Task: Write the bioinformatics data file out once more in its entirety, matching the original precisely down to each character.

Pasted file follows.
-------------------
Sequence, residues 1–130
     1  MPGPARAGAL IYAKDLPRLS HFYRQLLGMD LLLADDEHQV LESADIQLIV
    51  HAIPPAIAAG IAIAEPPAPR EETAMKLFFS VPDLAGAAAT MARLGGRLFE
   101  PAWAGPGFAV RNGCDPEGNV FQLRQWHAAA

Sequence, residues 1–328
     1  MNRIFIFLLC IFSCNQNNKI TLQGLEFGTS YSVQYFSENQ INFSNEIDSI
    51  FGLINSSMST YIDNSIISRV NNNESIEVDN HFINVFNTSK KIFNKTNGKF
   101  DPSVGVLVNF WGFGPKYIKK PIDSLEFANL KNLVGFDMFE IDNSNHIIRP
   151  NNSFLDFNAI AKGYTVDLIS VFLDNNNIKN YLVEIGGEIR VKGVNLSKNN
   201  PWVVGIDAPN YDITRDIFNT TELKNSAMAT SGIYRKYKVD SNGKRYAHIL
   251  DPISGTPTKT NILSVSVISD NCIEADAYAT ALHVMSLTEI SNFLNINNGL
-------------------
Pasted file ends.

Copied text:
Sequence, residues 1–130
     1  MPGPARAGAL IYAKDLPRLS HFYRQLLGMD LLLADDEHQV LESADIQLIV
    51  HAIPPAIAAG IAIAEPPAPR EETAMKLFFS VPDLAGAAAT MARLGGRLFE
   101  PAWAGPGFAV RNGCDPEGNV FQLRQWHAAA

Sequence, residues 1–328
     1  MNRIFIFLLC IFSCNQNNKI TLQGLEFGTS YSVQYFSENQ INFSNEIDSI
    51  FGLINSSMST YIDNSIISRV NNNESIEVDN HFINVFNTSK KIFNKTNGKF
   101  DPSVGVLVNF WGFGPKYIKK PIDSLEFANL KNLVGFDMFE IDNSNHIIRP
   151  NNSFLDFNAI AKGYTVDLIS VFLDNNNIKN YLVEIGGEIR VKGVNLSKNN
   201  PWVVGIDAPN YDITRDIFNT TELKNSAMAT SGIYRKYKVD SNGKRYAHIL
   251  DPISGTPTKT NILSVSVISD NCIEADAYAT ALHVMSLTEI SNFLNINNGL